Before the Gold Rush of 1848–1858, Alta (Upper) California was an isolated cattle frontier—and home to a colorful group of Spanish-speaking, non-indigenous people known as Californios. Profiting from the forced labor of large numbers of local Indians, they carved out an almost feudal way of life, raising cattle along the California coast and valleys. Visitors described them as a good-looking, vibrant, improvident people. Many traces of their culture remain in California. Yet their prosperity rested entirely on undisputed ownership of large ranches. As they lost control of these in the wake of the Mexican War, they lost their high status and many were reduced to subsistence-level jobs or fell into abject poverty. Drawing on firsthand contemporary accounts, the authors chronicle the rise and fall of Californio men and women.
The beloved Lidia Bastianich--best-selling cookbook author, award-winning television personality, and renowned restaurateur--tells her heartwarming, emotional and revelatory personal story for the first time, with hallmark warmth and gusto. Lidia's story begins with her childhood in Pula, a small city in northern Italy turned Yugoslavian under Tito's communist regime. Despite the political climate and her family's poverty, she enjoyed a loving upbringing, spending time in the simple, rugged beauty of her surroundings: fishing, farming, and foraging, and learning about Italian cooking from her beloved grandmother, Nonna Rosa. When the communist regime began investigating her family, they made the difficult decision to flee to Trieste, Italy, where they spent two years in a refugee camp waiting for visas to enter the United States--an experience that has affected Lidia ever since. At the age of 12, Lidia started a new life in New York. As a young teenager, she began working in restaurants--the first step toward the creation of her own American dream. In this book, in vivid detail, she recounts her journey of fulfilling that dream. Supported by her close-knit family, and fueled by her dedication and endless passion for food, her drive ultimately led her to owning multiple restaurants, writing several cookbooks, and acting as host of her own television cooking show for twenty years. This memoir is an absolute must-have for the millions of Lidia fans who are eager to know her whole story at last.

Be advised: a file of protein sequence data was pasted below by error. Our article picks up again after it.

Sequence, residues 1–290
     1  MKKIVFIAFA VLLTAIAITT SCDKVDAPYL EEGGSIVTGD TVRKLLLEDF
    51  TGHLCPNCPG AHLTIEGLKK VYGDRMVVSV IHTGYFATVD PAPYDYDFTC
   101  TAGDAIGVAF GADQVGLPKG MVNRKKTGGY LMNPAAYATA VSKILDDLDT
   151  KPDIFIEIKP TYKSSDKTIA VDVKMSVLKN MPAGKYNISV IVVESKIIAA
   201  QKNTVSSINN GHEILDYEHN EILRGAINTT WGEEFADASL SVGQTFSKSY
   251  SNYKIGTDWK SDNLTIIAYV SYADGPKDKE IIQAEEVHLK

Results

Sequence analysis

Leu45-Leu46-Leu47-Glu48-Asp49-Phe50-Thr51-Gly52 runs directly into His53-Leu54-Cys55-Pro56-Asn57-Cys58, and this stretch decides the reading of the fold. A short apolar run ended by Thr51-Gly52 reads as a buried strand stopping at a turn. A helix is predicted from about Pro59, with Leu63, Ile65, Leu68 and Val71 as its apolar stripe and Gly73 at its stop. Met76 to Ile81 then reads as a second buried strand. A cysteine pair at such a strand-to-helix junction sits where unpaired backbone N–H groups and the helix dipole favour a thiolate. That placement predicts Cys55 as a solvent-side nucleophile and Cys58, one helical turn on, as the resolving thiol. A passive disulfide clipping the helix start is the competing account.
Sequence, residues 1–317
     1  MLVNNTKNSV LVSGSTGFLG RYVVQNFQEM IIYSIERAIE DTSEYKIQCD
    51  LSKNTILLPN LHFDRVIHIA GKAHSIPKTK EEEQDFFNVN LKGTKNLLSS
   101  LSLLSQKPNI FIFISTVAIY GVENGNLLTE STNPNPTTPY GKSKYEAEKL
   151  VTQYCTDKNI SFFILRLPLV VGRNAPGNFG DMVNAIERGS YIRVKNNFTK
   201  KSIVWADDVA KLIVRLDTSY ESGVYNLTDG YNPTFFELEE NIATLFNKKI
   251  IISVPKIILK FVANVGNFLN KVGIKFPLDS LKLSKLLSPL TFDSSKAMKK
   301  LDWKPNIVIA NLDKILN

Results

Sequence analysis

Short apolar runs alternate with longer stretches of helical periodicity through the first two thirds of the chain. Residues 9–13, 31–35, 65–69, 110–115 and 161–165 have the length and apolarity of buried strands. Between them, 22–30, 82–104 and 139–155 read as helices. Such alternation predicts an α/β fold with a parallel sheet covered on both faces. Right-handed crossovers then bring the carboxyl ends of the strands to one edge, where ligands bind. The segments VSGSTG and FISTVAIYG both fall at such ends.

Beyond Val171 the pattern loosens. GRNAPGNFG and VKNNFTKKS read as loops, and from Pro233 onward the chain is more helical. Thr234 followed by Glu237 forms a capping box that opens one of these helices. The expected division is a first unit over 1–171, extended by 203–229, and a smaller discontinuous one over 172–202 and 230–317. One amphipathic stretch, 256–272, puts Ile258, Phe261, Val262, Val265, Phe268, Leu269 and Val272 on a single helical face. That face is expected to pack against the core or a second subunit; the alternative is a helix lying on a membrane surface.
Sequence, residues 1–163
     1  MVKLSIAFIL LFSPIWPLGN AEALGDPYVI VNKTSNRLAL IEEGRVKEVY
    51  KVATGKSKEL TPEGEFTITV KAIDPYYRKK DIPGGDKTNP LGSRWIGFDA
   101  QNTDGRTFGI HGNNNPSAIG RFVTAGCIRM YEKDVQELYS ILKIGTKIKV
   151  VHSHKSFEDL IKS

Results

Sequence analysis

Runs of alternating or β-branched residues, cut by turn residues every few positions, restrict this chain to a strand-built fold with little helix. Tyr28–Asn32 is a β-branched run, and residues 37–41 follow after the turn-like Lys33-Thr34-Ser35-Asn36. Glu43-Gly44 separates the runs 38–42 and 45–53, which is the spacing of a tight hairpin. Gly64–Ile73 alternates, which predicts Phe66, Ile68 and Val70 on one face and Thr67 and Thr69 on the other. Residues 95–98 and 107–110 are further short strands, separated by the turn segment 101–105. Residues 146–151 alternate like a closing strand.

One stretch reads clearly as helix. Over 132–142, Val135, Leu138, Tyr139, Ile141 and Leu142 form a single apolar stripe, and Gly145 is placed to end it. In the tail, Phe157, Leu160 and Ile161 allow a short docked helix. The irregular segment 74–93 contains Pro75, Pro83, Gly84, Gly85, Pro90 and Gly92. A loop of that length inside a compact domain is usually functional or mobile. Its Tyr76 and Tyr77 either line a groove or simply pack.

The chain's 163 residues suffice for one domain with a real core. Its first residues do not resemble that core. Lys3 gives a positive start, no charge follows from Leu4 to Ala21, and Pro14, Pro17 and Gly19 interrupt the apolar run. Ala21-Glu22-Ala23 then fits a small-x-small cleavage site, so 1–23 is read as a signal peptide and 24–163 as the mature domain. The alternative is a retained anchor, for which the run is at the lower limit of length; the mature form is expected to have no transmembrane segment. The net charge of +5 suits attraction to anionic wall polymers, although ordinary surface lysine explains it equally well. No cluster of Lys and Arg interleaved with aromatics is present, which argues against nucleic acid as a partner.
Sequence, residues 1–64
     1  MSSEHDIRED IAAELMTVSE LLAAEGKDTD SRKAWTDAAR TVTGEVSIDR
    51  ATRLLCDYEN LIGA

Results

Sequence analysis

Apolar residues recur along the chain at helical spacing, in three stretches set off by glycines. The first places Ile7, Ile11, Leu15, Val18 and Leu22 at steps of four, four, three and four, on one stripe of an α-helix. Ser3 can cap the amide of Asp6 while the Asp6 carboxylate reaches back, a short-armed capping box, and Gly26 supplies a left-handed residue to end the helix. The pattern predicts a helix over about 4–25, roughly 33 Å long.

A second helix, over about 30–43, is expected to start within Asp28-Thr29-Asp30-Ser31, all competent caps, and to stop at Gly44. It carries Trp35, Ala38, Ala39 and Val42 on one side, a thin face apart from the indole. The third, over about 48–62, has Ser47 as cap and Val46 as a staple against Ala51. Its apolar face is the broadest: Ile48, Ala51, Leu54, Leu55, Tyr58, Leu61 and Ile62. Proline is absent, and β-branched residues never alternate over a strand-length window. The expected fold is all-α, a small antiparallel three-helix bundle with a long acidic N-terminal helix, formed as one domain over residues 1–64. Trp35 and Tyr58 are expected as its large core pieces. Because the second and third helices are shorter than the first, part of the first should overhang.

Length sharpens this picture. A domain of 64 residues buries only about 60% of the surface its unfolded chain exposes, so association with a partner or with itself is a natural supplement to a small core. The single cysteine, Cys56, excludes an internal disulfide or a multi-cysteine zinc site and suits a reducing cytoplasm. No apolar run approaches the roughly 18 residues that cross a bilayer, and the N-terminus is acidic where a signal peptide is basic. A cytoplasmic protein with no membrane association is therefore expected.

While high schooler Tim Carhardt tries to make sense of his auto-racing father's death, seventeen-year-old Jamie Maxwell deepens her relationship with God and becomes the youngest driver to qualify for a NASCAR event.
The deaf community in the West has endured radical changes in the past centuries. This work of history tracks the changes both in the education of and the social world of deaf people through the years. Topics include attitudes toward the deaf in Europe and America and the evolution of communication and language. Of particular interest is the way in which deafness has been increasingly humanized, rather than medicalized or pathologized, as it was in the past. Successful contributions to the deaf and non-deaf world by deaf individuals are also highlighted. Instructors considering this book for use in a course may request an examination copy here.
On November 8, 1965, Days of Our Lives debuted on NBC. The show overcame a rocky beginning to become one of the best-loved and longest running soap operas on daytime television. For 30 years, the story of the show’s Horton family has been closely followed by a dedicated audience. Through extensive research, including the first-ever examination of the show’s archives, and interviews with cast members, writers, producers and production personnel, the show’s history is told here. This reference work provides a complete cast list from the show’s debut through 1994, as well as the most comprehensive storyline of the show ever available. Also included are family trees of the show’s characters, tracing the often confusing relationships involved in thirty years of developing roles.